Thursday, February 23, 2012
Celebrating Grant, Taft, Nixon, Hayes, Polk, and Van Buren
Three or four years ago, I do not think I would ever believe that one of my most beloved wardrobe staples, both professionally and socially, would become button-down blouses, particularly Oxfords and other traditionally classic striped and gingham numbers. I cannot quite fathom what the negative connotation was, or from where it specifically arose, though if I think back upon certain contextual cues perhaps it was merely a visceral aversion to the idea of mundane, bureaucratic corporate responsibility, which transcended to my aesthetics. Though the aversion, to some extents, persists, alive and well, I have fully embraced the uniform. To give the look a casual feel, I paired it with tight denim and tall ombre riding boots.
For Presidents Day, a federally enforced and superficial national recognition of our former leaders, albeit one that is notably and thankfully more benign than the mourning charades in North Korea over the recently deceased maniacal monster, I wore a new black and white gingham blouse. The occasion was a casual afternoon visit to Brooklyn, for some quality family time with Elizabeth, Winona, David, and the gang of expressive pets. For the past few consecutive weekends, during my visits, Winona has accomplished some impressive milestones for a plump and pretty infant her age: first, the back to belly roll over, second, the complementing belly to back roll over. We were all elated. We also made sure to spend a few moments in silence remembering those lesser memorialized presidents, even Carter; Lincoln and Washington get sufficient face-time, literally (currency) and figuratively.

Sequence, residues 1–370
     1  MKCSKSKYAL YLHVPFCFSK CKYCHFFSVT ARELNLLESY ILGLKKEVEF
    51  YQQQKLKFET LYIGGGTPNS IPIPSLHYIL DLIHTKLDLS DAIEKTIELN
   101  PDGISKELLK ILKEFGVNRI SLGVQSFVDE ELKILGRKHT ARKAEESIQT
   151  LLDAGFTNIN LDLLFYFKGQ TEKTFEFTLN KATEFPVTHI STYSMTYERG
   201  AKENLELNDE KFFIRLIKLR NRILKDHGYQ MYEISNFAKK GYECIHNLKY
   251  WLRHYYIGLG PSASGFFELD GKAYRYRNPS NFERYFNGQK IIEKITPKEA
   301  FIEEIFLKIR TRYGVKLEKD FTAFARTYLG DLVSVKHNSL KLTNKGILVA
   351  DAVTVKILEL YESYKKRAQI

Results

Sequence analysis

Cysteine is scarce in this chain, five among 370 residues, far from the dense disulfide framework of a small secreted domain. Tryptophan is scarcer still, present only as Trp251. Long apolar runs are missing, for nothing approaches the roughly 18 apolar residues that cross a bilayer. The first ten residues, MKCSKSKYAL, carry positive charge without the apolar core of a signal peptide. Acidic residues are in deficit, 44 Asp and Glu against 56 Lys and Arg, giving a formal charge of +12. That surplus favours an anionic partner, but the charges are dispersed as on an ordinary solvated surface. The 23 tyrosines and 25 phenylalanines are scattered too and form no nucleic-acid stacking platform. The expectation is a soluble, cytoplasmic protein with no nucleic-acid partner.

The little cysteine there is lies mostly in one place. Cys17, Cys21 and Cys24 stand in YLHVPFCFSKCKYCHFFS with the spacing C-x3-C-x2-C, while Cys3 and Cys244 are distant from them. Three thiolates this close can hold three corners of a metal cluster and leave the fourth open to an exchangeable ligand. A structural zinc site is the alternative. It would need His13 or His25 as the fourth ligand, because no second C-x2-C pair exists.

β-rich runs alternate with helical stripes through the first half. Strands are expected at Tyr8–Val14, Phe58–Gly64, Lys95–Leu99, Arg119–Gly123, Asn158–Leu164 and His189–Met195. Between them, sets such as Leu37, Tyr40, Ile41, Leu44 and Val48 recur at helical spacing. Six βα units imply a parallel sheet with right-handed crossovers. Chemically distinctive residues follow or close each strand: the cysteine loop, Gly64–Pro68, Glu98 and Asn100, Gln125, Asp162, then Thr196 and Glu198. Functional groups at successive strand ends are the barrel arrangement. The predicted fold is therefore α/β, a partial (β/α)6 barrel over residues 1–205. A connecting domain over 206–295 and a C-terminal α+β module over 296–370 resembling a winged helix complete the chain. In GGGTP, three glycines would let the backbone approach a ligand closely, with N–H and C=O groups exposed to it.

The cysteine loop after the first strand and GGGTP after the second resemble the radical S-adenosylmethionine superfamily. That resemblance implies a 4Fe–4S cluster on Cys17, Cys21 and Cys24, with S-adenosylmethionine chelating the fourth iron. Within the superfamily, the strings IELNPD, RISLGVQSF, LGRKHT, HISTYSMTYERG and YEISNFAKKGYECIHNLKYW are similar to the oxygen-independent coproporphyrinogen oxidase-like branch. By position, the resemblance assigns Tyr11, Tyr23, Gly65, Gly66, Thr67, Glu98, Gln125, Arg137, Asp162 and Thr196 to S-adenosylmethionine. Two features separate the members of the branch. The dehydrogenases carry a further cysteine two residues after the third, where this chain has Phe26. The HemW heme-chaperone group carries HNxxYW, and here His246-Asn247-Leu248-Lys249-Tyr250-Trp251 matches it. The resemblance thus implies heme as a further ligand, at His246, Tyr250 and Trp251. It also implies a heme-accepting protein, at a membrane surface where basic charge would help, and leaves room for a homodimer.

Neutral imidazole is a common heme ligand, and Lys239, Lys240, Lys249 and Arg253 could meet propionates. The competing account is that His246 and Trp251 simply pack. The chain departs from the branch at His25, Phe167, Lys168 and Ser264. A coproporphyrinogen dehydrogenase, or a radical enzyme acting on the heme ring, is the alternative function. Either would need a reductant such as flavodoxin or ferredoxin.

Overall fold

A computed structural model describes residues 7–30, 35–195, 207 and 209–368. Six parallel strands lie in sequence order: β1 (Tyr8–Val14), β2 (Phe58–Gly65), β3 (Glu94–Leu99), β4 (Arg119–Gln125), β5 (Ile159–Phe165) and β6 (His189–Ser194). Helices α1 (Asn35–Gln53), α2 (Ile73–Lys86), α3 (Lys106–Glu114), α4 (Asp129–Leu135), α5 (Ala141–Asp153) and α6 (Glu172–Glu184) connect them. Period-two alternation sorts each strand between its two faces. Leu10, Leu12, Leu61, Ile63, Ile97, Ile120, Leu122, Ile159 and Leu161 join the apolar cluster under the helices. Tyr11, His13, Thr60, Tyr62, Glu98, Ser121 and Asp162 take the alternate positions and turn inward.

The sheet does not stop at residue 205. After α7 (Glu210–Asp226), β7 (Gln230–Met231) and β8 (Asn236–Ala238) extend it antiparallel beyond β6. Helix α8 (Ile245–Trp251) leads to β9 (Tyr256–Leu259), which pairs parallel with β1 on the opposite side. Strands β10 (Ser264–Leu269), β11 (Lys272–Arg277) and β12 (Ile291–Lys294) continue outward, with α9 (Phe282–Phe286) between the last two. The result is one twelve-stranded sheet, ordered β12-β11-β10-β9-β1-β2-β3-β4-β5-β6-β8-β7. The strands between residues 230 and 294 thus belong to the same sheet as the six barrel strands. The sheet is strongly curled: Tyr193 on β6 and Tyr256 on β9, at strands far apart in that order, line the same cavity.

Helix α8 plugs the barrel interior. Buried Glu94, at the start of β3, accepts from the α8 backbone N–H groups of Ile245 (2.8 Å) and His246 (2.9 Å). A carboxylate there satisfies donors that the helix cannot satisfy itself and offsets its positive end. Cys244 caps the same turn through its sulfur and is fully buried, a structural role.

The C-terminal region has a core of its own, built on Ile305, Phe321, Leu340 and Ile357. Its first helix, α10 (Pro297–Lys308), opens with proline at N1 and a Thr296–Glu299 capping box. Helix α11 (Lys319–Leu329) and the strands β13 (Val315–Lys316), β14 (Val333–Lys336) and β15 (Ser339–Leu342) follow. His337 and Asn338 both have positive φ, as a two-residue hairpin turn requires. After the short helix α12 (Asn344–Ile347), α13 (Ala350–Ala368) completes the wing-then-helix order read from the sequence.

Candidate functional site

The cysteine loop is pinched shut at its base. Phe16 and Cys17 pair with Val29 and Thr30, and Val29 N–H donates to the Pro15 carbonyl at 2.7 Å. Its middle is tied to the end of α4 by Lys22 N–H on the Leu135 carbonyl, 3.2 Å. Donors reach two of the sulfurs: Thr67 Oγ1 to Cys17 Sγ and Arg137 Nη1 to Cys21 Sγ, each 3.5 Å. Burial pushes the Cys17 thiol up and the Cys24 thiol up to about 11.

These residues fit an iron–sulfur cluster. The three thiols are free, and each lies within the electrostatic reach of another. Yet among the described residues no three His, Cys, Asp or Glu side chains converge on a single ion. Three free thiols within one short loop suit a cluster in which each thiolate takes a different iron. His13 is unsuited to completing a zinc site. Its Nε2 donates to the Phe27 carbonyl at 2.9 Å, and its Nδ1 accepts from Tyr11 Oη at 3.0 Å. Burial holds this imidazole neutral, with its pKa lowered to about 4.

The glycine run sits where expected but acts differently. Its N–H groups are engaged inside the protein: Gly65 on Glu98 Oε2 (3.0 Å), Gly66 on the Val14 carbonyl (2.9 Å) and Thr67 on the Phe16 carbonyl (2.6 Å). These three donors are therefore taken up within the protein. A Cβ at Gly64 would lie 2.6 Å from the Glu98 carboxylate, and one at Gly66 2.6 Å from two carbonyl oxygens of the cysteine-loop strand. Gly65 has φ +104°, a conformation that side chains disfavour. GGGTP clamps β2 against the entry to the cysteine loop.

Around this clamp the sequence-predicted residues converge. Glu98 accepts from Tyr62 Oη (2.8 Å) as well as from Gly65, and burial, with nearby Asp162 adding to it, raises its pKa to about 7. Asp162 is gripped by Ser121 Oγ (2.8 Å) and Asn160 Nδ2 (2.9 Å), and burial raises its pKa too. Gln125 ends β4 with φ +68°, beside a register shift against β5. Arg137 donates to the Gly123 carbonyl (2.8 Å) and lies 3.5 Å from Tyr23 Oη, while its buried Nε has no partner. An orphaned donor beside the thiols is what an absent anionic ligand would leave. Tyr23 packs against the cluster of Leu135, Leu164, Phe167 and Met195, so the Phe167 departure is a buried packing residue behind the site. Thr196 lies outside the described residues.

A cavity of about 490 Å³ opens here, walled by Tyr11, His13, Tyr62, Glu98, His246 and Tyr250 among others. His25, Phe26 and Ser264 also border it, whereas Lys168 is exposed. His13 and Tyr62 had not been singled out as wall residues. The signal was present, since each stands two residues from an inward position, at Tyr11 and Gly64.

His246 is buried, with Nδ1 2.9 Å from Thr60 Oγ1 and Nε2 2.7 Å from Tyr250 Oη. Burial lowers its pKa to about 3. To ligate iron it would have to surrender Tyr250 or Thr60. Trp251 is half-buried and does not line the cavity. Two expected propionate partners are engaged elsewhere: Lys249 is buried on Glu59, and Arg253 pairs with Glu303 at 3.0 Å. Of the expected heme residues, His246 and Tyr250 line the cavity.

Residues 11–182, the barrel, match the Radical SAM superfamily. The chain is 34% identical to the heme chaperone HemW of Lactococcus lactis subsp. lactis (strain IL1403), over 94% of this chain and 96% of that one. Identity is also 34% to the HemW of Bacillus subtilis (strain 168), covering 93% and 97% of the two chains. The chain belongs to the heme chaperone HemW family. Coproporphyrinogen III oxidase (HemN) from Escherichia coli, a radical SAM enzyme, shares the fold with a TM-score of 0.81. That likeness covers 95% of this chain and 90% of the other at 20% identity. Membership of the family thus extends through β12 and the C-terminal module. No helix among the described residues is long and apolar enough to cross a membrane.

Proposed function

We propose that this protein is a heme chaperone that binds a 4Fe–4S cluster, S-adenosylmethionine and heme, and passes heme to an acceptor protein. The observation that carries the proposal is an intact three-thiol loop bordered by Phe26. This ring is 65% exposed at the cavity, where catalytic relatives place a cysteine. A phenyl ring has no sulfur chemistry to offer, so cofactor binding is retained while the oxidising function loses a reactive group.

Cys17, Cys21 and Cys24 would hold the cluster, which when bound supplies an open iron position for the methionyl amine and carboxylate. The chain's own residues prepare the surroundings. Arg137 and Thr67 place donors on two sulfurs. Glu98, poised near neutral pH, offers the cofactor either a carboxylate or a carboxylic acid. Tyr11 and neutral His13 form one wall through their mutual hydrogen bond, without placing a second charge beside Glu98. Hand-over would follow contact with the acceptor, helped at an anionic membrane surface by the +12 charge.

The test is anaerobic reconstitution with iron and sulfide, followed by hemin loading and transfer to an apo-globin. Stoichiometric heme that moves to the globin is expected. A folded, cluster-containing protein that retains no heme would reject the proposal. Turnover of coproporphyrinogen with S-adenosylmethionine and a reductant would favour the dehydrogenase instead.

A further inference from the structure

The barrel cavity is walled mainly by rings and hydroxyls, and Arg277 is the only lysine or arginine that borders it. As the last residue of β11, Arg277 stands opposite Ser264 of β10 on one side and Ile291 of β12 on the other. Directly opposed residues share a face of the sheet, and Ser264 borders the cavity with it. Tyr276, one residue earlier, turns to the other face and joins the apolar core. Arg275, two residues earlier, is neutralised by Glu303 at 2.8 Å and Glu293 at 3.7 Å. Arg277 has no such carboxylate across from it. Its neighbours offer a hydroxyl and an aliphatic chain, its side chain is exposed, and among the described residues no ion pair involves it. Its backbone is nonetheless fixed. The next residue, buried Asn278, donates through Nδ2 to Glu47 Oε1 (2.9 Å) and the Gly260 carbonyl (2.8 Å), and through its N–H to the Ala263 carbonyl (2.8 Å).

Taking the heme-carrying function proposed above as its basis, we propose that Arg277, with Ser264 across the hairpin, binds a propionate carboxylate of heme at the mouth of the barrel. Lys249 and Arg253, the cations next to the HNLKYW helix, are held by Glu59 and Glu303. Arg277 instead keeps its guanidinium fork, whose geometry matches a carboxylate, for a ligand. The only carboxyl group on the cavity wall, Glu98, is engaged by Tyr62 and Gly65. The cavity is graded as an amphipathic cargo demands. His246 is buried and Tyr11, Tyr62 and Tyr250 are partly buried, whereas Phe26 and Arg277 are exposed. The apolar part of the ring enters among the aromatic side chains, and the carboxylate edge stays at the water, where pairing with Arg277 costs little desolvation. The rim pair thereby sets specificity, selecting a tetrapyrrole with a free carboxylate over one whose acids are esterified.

On a more serious note, after a childhood of the iconic profile of inaugural president, General George Washington, it has been mildly interesting observing the variation in our coins, to commemorate others who have shaped and formed this country.
Monday also marked the first time I read a picture book to my niece, a pastime I have firmly resolved to remain loyal to and to cherish; as a child, many of my most fond memories are those when I was being read to aloud. It was not clear how much she retained from a literary comprehension perspective, but I could tell from her eyes, wide with wonder and innocence, that she was fascinated with the bold colors and shapes. I sound like my mother, but it will be before I know it, blink of an eye, when she can start to sound out the words and then begin to read along with me. Exhilarating, learning the intricacies and the verbal and textual signaling of a language.
Red, black, and white are a classic chromatic trio; since my blouse and jeans were so dark, this bold pop of cherry from my broad bakelite bangle was perfect.
For some added pizazz, I wore these rhinestone and pearl earrings, arranged as though they are a cosmic vortex, perhaps some spiraling galaxy, or, more colloquially, the bird eye view of a bouquet of flowers.